TEH INTERNET IS SERIOUS BUSINESS – Royal Court SW1

WIKILEAKS MEETS JUST WILLIAM

 

 

Serious? Not always, it’s not. “Everything is funny all the time!” screams one of our heroes. “Epic Lulz! Nothing is to be taken seriously!”. The topic under discussion is a friend’s suicide. A manic one-man band hurls himself through a ball-pond, a fancy-dress dog, cat, penguin and “PaedoBear” hurtle around with dancing figures in orange running-shorts and dive out of flaps in the wall and trapdoors. Authority, privacy and reflective thought are hateful. “The internet doesn’t care! It sets scenes of mass rape to Japanese rock music! We don’t need a hierarchy! Information wants to be free!”

 
Tim Price’s new play is manically directed by Hamish Pirie, and designed by Chloe Lamford with that ballpond reflected by huge overhead clusters of brightly coloured balls. Which, at moments in the first half, came dangerously near feeling like a metaphor for its content. But it was never going to be easy to find a visual live-theatre language for the anarchic, lawless, mischievous, disguised online world of the “hacktivists” of Anonymous and LulzSec. And Lamford and Pirie have probably got as close as anyone could.

 

 

Certainly, as the hour progresses, you become soaked in the world of these young men – they nearly always are revealed to be such when the irate forces of law catch up with them. Jake Davis ,the young Shetlander sentenced in 2011 to two years for conspiracy to commit computer misuse, and played as a version of himself here by Kevin Guthrie ,collaborated with Price after his release.

 

 
It is a world of adolescent alienation, back-bedroom loneliness, defiant clowning, gang identity between people across continents who never meet, and naive idealism mingled with plain mischief. The internet hones and rewards their particular kind of intuitive intelligence, and accidentally throws into their hands the ability to publish the most serious of documents and the cruellest of private revelations. They have no brakes: they are part self-righteous Assanges, part Just William. They attack the CIA and Scientology and the “God Hates Fags” nonsense of Westboro Baptist Church, but have no scruple about “regular people’s data”, emails and passwords, breezily saying “They’re X factor applicants, they crave humiliation!”. They’re kids with virtual Kalashnikovs. They rock the adult world.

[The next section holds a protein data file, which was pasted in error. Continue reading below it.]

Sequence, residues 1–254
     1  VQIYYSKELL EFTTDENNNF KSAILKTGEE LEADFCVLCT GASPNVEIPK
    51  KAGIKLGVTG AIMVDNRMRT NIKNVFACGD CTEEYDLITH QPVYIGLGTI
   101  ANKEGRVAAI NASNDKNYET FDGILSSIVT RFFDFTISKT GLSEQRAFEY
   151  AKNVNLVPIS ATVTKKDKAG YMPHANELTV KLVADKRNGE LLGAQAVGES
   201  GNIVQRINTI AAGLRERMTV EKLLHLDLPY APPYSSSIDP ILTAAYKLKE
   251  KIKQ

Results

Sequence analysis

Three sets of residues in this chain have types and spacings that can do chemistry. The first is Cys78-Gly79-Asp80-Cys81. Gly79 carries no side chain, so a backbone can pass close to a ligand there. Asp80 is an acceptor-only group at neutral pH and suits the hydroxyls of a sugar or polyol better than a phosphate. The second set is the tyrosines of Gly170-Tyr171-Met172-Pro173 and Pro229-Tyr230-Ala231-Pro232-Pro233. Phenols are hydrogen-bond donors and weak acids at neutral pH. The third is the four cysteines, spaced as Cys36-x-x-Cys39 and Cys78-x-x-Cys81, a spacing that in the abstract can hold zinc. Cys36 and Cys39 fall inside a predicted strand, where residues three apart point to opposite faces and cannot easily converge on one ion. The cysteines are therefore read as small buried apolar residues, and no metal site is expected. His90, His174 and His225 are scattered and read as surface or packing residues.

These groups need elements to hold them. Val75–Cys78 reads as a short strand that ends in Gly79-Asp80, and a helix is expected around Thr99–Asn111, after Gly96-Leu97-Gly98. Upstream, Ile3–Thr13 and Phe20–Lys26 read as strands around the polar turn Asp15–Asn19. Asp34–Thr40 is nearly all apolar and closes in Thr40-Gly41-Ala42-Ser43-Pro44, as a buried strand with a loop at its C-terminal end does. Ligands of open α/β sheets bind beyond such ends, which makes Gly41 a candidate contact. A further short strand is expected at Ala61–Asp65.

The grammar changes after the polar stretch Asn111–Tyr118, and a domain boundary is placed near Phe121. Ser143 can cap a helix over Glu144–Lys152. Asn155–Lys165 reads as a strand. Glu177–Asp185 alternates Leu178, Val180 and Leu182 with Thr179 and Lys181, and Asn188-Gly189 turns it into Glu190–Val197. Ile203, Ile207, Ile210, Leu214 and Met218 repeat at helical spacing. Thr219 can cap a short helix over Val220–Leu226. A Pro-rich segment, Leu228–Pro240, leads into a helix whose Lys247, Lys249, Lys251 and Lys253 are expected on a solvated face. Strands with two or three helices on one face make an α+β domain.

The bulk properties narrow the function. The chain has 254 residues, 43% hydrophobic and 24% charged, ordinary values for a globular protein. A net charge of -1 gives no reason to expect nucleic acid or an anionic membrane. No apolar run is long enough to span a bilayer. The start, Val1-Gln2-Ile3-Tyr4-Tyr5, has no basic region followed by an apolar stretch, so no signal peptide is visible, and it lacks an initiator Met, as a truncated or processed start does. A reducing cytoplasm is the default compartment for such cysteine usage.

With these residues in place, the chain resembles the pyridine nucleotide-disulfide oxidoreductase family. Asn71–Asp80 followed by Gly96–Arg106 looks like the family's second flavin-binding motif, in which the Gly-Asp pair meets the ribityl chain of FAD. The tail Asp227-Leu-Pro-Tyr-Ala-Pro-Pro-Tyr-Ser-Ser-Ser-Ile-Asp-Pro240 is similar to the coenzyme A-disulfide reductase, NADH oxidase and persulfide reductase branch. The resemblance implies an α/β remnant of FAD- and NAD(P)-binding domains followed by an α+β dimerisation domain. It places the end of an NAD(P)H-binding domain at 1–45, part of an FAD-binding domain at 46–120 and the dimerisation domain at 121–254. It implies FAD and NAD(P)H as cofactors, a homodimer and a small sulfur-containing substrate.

As the play goes on – and some get found out, we see glimpses of their “irl” or in-real-life identities. In a lovely moment the shy schoolboy Mustafa (Hamza Jeetooa) turns down an invitation to go for a McFlurry because he promised to help some Egyptian dissidents break into a government server; in another the group easily hack and expose a suited ‘security expert’ . Gradually, as their campaigns grow wilder and their nemesis approaches, the play draws you in, expressing – if not very deeply examining – the astonishing cyberworld we have somehow created, where commerce and authority can be made putty in the hands of clever, troubled, disaffected teenagers.

 

 
Spirited, comic, the cast of fifteen give it everything,  rattling out codes,   hurling merry obscenities,  playing up to eleven parts apiece (that’s Sargon Yelda with the record). It will make half the audience feel old, and the other half – well, sort of jubilant…

 
box office 020 7565 5000 to 24 October
Jerwood Royal Court partner: Coutts

Rating: three   3 Meece Rating

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